To: Detroit/Seattle Workers' Voice mailing list
April 13, 2019
RE:  Seattle Workers' Voice,  vol. 3 #2, for Earth Day 2019

As the demand for climate action grows:
Build a working class movement against climate change!

(From Seattle Workers' Voice, vol. 3, #2, April 13, 2019)

As was predicted would happen decades ago, global warming is now giving rise to increasingly devastating floods, droughts and wildfires, cyclones, polar vortexes and other climatic changes, and climate refugees. And as was known decades ago, burning fossil fuels is the main cause of this warming, with deforestation, agricultural and other land-use practices that destroy natural "sinks" that absorb carbon dioxide making it worse. But greenhouse gas emissions reached record highs in 2017 and in 2018.

How can this disastrous situation be happening?

Rather than attempting to plan and directly regulate industry, agriculture and transportation, in the 1990s a large number of "environmentally aware" governments embarked on the path of trying to use market measures--setting up a market in carbon-emission certificates (“cap and trade)” and/or imposing carbon taxes--to rein in green house gas emissions.  Other countries, such as the United States, didn't even do that much.  Furthermore, establishment environmentalism, as represented by Al Gore and the leaders of the mainstream environmental groups, did their utmost to divert the environmentalists into becoming champions of these market solutions that have so miserably failed.

At root of this debacle is that the polluting and otherwise earth-destroying corporations and their financiers are bitterly driven to oppose any serious environmental measures because those will infringe on their profits.  Thus, to save these profits the IMF and World Bank, plus ExxonMobil, Shell, BP and other oil companies have thrown their support behind carbon pricing and the carbon tax. (1) Trump and the Republicans obviously serve them with human-caused climate change denialism: "what problem??" But the Democrats also serve them by foot-dragging when it comes to taking sufficient measures to curb climate change, including Gov. Inslee's pushing the carbon tax.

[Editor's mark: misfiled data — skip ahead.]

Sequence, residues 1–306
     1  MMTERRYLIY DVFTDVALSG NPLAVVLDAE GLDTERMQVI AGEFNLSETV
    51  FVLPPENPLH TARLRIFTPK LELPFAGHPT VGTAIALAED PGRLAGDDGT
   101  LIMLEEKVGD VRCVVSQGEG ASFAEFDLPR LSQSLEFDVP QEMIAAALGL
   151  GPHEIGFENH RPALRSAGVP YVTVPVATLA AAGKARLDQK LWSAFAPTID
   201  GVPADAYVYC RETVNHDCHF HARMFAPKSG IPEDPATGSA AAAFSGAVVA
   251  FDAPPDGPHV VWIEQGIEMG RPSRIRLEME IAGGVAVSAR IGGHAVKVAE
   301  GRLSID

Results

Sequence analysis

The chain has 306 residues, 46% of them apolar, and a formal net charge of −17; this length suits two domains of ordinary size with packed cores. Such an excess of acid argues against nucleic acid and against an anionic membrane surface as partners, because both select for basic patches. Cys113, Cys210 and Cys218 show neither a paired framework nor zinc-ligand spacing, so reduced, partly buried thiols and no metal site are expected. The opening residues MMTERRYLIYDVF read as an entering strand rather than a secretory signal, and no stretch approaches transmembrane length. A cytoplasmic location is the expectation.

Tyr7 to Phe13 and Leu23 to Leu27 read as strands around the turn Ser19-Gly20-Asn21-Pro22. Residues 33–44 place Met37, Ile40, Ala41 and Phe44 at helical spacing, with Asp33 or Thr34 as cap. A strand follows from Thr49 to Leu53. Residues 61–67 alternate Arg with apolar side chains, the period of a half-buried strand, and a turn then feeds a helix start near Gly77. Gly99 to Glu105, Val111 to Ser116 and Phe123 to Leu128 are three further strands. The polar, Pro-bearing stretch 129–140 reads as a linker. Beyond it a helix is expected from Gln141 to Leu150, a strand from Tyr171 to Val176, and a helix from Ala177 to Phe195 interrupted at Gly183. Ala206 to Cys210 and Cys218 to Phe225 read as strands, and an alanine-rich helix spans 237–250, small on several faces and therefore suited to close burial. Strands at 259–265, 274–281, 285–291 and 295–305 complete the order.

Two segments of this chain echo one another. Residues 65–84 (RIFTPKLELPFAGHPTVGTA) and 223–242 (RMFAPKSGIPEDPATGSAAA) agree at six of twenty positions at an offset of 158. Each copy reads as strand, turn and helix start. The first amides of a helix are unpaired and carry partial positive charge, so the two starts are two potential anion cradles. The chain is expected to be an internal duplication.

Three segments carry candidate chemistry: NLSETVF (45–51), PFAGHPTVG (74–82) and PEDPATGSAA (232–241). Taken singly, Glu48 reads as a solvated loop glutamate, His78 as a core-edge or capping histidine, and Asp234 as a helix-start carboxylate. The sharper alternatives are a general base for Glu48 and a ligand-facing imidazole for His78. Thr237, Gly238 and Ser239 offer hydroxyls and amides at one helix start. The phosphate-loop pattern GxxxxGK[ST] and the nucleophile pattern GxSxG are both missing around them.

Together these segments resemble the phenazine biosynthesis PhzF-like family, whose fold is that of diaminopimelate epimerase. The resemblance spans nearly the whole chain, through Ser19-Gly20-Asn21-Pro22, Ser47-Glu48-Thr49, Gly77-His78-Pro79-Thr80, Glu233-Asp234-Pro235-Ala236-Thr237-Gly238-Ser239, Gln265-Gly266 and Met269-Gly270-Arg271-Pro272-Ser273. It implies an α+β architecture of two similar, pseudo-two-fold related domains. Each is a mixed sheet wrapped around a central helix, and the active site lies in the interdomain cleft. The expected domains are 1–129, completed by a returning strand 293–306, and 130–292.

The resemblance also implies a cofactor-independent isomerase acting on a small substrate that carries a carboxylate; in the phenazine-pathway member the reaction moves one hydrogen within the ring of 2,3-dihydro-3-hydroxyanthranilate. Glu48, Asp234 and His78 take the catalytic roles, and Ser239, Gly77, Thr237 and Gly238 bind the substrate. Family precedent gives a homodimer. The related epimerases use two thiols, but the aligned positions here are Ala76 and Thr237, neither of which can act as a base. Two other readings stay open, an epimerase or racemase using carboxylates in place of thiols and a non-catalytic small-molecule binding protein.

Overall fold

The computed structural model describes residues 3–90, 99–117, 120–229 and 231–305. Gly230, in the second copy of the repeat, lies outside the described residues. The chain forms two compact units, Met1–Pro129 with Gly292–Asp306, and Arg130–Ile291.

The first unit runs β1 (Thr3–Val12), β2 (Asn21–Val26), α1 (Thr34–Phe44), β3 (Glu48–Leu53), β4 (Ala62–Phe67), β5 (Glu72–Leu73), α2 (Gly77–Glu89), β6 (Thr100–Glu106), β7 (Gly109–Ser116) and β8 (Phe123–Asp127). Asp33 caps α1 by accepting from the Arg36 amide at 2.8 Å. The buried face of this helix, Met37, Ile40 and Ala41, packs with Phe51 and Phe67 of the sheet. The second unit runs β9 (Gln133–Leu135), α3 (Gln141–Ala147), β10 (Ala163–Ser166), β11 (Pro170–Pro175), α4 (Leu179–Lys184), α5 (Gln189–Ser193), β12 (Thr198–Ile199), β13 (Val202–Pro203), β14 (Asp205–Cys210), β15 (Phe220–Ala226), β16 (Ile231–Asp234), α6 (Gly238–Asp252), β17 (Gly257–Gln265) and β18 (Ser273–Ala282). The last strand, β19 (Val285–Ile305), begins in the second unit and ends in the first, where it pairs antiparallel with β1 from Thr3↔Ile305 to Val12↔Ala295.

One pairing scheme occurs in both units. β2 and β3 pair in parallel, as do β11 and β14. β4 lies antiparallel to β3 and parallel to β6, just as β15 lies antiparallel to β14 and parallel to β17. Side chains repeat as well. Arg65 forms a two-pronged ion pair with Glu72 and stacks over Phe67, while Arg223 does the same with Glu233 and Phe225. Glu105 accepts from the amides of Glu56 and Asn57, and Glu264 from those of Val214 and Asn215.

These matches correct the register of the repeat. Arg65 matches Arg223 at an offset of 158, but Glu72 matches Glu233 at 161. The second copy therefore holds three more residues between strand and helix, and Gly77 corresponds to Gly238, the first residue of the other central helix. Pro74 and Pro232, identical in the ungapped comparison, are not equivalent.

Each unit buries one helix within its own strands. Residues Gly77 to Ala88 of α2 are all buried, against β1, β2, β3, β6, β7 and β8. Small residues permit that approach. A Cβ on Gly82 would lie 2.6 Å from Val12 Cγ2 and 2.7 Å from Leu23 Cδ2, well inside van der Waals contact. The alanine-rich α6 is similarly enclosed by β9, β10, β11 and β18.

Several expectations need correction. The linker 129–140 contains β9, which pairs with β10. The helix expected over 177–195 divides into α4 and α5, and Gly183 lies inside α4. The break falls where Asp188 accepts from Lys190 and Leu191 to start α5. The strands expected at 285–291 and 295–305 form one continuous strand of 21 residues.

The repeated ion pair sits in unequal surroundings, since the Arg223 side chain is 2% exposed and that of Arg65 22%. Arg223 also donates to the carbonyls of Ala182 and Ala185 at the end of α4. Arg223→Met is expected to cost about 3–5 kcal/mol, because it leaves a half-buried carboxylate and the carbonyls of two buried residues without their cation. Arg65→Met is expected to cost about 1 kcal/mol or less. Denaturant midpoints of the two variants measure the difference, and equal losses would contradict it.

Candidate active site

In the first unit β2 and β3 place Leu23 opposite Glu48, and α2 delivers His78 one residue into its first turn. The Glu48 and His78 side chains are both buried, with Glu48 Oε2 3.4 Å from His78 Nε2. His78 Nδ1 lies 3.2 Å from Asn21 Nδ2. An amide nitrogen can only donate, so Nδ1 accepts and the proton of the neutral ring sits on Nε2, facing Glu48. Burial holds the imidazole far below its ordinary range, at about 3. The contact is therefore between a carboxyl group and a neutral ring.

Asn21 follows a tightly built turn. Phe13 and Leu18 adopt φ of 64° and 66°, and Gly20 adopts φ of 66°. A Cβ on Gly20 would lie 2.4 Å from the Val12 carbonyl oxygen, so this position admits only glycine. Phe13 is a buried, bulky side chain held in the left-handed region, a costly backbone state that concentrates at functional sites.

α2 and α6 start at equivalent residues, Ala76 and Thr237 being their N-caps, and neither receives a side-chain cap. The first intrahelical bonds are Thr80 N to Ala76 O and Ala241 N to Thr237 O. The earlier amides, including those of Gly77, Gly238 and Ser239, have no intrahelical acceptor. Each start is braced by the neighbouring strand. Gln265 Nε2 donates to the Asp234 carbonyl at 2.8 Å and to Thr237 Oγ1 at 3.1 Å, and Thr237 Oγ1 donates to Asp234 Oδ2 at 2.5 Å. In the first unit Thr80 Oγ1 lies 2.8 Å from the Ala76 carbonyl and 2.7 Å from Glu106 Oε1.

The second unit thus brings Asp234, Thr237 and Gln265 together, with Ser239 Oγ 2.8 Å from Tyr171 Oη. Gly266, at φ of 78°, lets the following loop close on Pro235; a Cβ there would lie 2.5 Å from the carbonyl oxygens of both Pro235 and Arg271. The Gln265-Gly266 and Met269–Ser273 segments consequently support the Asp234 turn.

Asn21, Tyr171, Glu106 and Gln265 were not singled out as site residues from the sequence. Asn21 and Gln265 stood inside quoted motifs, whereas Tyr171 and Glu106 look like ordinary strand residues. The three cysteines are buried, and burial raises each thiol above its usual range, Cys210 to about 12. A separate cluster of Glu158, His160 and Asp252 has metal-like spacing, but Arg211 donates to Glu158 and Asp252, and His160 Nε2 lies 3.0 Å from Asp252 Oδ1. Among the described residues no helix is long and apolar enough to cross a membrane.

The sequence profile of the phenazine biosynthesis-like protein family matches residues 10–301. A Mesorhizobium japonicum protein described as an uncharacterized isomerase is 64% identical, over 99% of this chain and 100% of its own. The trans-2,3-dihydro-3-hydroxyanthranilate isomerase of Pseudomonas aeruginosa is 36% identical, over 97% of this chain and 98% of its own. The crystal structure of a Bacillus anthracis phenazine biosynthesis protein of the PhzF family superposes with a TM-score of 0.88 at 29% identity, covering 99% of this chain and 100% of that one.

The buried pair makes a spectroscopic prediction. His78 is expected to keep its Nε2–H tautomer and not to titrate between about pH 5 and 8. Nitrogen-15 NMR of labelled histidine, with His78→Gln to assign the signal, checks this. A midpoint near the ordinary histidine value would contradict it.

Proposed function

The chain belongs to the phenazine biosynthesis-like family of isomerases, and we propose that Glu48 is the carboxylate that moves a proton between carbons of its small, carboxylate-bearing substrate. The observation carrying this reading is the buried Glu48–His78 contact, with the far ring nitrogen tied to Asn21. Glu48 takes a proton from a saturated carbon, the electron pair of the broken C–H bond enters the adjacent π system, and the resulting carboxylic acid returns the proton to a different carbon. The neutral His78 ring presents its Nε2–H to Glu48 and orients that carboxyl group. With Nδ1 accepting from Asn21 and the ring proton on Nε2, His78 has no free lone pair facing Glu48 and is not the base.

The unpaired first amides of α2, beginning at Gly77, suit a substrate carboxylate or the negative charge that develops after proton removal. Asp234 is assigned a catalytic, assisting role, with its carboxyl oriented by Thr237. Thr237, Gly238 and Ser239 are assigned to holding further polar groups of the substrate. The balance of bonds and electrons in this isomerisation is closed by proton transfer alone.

So the struggle to stop and mitigate climate change is at heart a class struggle, but a class struggle that the polluting corporations and their political servants have been winning at the peril of the huge majority of humanity. The only conclusion is that a trend of working-class environmentalism must be built up in order to fight and overcome them. Such a trend that has no interest in preserving the profits of those destroying the earth and every interest in preserving and replenishing it. Further, such a trend must struggle against the sold out AFL-CIO and other union bureaucrats who fight for business-as-usual pollution, even if means the planet becomes uninhabitable.

Recent developments show that the potential
for building a working-class environmental movement
exists everywhere.